Image Alt Text
Running a business

Jen Gurecki is making gear for more inclusive slopes

In honor of Women’s History Month, we’re celebrating the stories of the amazing women in small business that are conquering male-dominated industries and working to #breakthebias. 

Name: Jen Gurecki

Location: Reno, NV

Business: Coalition Snow, and founder of the non-profit Zawadisha

Jen Gurecki of Coalition Snow

What do you do? 

Coalition Snow is a (the only) women-owned and operated ski and snowboard brand. Zawadisha is a non-profit whose mission is to finance the livelihoods of rural Kenyan women through our micro-lending program.

Why did you decide to start your own business? How did you get started? 

I had dabbled in smaller entrepreneurial projects, but when I had left my position at UC Berkeley and began pursuing a PhD, I felt like I had the space to create something that was aligned with my values. I had designed my life around snowboarding—living in Lake Tahoe and working in the outdoor industry—and around 2013 I started to notice a shift in the snow sports industry. Women were so much more outspoken about the way that they were represented as athletes, they were taking control of their own narrative, and e-commerce was starting to boom. I also knew that women’s equipment had always been subpar to men’s—designed around a shrink-it-and-pink-it mentally. There was a void to be filled with high performance women’s equipment. I saw an opportunity and I took one of the wildest risks of my life. 

What is the biggest lesson you learned in the first year? 

Starting a business is not the most difficult thing you will do—it’s enduring the ups and downs over time and building up your tolerance for risk.

What was the most surprising thing about becoming a business owner? 

That you have to get comfortable feeling really smart and really dumb all in the same day. Or in the same 30 seconds.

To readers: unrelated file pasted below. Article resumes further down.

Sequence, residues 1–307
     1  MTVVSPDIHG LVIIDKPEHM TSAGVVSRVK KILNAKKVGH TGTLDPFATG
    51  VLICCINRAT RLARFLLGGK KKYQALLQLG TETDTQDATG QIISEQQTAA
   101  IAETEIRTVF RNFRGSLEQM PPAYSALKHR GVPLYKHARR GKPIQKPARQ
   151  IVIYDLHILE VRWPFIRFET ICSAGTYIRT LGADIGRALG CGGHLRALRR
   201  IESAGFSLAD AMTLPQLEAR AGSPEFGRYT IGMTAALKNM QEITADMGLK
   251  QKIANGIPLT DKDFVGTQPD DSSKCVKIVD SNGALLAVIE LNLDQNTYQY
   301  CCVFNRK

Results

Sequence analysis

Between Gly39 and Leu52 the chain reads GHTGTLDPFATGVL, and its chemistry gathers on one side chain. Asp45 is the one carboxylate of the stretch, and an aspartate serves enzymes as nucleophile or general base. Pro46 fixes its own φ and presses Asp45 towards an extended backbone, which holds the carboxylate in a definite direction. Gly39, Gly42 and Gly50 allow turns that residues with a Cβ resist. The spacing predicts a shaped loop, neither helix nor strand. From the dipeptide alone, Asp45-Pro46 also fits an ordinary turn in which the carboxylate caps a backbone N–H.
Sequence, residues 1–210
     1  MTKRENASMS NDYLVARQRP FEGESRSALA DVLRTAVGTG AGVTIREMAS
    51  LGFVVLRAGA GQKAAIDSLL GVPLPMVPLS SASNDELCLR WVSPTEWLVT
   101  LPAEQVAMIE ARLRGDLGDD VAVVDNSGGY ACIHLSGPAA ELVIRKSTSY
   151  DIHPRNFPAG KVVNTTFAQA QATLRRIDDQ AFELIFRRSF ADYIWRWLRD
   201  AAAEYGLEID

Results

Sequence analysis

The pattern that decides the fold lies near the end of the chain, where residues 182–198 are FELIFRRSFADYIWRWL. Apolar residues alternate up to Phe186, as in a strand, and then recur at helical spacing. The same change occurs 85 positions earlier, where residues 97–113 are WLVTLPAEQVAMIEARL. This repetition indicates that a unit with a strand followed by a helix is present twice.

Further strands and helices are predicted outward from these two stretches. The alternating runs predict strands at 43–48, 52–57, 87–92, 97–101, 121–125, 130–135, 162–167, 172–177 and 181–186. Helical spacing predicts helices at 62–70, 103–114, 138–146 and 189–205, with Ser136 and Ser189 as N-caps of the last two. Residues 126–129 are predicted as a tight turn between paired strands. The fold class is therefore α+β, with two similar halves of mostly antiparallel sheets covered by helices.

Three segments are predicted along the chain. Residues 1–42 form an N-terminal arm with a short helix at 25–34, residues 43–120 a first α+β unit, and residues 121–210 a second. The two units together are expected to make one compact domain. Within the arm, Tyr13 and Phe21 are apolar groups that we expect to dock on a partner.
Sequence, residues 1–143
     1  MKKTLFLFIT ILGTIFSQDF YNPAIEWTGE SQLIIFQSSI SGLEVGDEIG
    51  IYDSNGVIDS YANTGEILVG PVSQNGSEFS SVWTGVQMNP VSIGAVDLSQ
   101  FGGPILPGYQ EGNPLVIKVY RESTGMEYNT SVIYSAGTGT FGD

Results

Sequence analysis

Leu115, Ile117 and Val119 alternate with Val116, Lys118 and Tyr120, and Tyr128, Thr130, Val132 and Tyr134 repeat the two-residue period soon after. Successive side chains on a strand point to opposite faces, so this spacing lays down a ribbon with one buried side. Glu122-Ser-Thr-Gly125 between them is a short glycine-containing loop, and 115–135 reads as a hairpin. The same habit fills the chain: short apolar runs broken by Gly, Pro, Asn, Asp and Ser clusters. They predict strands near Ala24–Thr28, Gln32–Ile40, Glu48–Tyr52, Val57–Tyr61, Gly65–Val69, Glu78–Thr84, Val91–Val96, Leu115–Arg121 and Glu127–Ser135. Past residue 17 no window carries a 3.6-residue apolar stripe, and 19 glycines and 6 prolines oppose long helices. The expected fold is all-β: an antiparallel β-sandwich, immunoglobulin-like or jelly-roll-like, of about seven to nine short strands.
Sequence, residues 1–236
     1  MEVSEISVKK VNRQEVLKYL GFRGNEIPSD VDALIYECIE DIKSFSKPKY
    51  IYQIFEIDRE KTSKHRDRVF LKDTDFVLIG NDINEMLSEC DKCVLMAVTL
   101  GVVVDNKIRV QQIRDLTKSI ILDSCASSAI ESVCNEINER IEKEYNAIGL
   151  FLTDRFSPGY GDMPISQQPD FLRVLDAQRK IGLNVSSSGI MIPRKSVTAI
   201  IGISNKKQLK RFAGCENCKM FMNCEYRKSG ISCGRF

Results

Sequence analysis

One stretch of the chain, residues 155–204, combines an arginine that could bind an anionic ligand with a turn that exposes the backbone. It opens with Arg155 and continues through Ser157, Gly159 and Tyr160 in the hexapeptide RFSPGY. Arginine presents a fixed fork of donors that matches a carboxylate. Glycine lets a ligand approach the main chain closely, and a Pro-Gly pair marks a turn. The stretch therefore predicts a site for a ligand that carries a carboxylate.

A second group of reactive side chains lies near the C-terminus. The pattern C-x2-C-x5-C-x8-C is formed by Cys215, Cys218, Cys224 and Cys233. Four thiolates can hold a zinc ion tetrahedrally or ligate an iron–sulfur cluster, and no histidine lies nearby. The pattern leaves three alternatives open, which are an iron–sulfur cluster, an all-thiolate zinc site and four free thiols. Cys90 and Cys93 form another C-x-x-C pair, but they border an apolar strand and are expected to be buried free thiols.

What is an aspect of running a business that you needed to learn more about when you started? How did you learn about it? 

ALL OF IT! I had to dedicate every spare minute to learning about financials and marketing and production schedules. I didn’t go to school for business, and while I had a background in education and non-profits, I had never produced a product. I really was starting from scratch, and because of that, I formed an advisory council of seasoned business owners to help me learn what I needed to learn and also understand what I didn’t yet know.

How does running your own business make you feel? 

I feel free and in control. 

What are some of the challenges you’ve overcome or are working to overcome as a business owner? 

Most business owners will say that money is their number one obstacle, and while that’s true, for me the more specific issue is lack of access to lines of credit and low-interest loans. Accessing capital is really challenging—if you have heaps of money and assets, you can easily secure loans, but if you don’t (like most of us who own small businesses), you have to get creative. 

What are your proudest moments? 

In the 2018 Winter Olympics, we had two two women compete in the halfpipe on our skis. Seeing our skis on a big screen, with powerful and incredibly talented women maneuvering them through the pipe, was exhilarating. And last year, we created the Indigenous Backcountry Scholarship in partnership with one of our Ambassadors, Deenaalee Hogdgon. Together we welcomed our first cohort of women and non-binary Indigenous skiers and snowboarders who are working to create more equitable access to winter mountain recreation. 

What are the next big plans you have for your business?